Canonical Cases and Other Quodlibets: A Response to Professor Fallon

97 Texas Law Review Online __ (Dec. 2018, Forthcoming)

12 Pages Posted: 6 Nov 2018

See all articles by Seth Barrett Tillman

Seth Barrett Tillman

National University of Ireland, Maynooth (NUI Maynooth) - Faculty of Law

Date Written: October 30, 2018

Abstract

In a far ranging 2018 article in Texas Law Review, Professor Fallon opines on the scope of the duty of subordinate Executive Branch officers to obey conflicting commands and policies emanating from the President and the federal courts, including the Supreme Court. The subject is not an easy one. It is a question which cannot be answered by turning exclusively to the past practices of executive officers during times of crisis and conflict—i.e., crises in the country and conflict between the branches of the federal government. Nor can it be answered by turning exclusively to the decisions of the courts. Still, those practices and decisions are important starting points for Fallon’s argument. I have some substantial (and long-standing) doubts about Fallon’s discussion of three well known, if not canonical, cases. My goal, then, is to explain why I think Fallon’s discussion of these cases is—wrong, and then to suggest what may follow from those errors.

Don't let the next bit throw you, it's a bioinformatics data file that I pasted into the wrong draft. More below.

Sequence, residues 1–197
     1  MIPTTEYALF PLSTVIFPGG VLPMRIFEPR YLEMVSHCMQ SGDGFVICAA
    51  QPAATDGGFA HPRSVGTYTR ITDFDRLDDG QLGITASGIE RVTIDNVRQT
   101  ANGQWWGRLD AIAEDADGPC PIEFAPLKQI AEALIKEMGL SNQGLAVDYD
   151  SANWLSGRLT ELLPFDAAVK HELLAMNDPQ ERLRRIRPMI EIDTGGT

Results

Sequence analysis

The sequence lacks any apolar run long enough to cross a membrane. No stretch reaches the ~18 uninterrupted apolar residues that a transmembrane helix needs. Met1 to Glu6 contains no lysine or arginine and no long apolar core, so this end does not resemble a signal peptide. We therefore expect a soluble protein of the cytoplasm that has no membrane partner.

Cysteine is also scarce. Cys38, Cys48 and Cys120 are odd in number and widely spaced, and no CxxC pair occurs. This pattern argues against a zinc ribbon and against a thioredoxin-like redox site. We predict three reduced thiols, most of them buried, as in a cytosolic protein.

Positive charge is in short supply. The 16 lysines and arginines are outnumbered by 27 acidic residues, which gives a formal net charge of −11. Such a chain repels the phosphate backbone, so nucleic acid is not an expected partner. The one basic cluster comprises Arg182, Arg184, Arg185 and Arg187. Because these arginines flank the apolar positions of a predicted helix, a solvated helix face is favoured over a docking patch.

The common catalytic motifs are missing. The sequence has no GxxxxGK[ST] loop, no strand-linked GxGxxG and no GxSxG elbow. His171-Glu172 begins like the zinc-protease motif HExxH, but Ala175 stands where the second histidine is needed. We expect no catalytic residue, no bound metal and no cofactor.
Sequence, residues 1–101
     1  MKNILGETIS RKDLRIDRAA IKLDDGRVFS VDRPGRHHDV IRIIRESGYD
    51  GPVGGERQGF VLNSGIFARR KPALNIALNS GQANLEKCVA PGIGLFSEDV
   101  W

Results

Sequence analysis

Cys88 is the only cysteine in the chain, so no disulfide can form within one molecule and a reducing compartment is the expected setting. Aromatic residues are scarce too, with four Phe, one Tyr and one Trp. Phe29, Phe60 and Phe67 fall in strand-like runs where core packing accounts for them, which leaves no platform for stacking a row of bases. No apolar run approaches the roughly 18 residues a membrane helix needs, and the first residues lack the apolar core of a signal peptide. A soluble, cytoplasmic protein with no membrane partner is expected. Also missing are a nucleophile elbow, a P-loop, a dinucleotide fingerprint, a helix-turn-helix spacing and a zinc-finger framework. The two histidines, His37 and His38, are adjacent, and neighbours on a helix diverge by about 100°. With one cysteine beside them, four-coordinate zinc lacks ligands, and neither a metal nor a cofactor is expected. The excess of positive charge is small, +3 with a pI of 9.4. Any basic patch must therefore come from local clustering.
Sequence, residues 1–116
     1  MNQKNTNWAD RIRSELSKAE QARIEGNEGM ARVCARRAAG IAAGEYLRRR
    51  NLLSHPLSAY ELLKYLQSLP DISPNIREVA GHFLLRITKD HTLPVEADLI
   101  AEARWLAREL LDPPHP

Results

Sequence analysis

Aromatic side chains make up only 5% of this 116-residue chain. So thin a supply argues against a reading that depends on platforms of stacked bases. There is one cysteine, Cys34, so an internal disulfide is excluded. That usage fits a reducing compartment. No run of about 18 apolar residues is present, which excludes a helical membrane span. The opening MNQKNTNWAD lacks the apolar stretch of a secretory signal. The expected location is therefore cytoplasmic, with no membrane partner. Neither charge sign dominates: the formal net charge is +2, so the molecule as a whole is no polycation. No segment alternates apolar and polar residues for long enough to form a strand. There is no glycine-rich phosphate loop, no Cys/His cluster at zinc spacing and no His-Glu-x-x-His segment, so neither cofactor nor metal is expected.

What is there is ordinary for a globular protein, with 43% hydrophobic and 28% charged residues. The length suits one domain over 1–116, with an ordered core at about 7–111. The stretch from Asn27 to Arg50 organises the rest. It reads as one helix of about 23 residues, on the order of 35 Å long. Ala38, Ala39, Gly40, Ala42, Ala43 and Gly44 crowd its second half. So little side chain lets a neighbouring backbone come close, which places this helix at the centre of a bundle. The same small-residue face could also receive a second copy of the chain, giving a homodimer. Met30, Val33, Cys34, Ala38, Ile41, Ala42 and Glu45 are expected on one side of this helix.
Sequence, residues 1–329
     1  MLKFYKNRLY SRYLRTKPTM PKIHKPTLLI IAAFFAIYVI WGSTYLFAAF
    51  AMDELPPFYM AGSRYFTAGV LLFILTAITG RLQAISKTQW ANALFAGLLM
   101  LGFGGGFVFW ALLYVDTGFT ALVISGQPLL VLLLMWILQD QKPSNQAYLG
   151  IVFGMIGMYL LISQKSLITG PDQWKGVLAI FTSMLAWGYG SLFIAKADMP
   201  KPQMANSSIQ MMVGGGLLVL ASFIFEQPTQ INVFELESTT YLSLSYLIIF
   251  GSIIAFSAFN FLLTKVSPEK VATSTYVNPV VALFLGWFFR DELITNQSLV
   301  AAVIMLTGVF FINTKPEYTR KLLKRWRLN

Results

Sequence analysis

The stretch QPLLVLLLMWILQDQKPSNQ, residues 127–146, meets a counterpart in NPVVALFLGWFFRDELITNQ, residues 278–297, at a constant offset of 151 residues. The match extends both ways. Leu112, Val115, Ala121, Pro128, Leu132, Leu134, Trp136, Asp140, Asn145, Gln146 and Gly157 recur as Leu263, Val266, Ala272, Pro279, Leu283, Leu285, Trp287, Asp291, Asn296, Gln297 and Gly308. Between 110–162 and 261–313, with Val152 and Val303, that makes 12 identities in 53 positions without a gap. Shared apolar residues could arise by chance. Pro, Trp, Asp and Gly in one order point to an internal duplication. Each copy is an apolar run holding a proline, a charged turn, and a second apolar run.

Suggested Citation

Tillman, Seth Barrett, Canonical Cases and Other Quodlibets: A Response to Professor Fallon (October 30, 2018). 97 Texas Law Review Online __ (Dec. 2018, Forthcoming). Available at SSRN: https://ssrn.com/abstract=3246598

Seth Barrett Tillman (Contact Author)

National University of Ireland, Maynooth (NUI Maynooth) - Faculty of Law ( email )

Ollscoil na hÉireann, Má Nuad
New House (#306)
Maynooth, County Kildare
Ireland
(353) (0) 1474-7216 (Phone)

HOME PAGE: http://law.nuim.ie/staff/mr-seth-barrett-tillman

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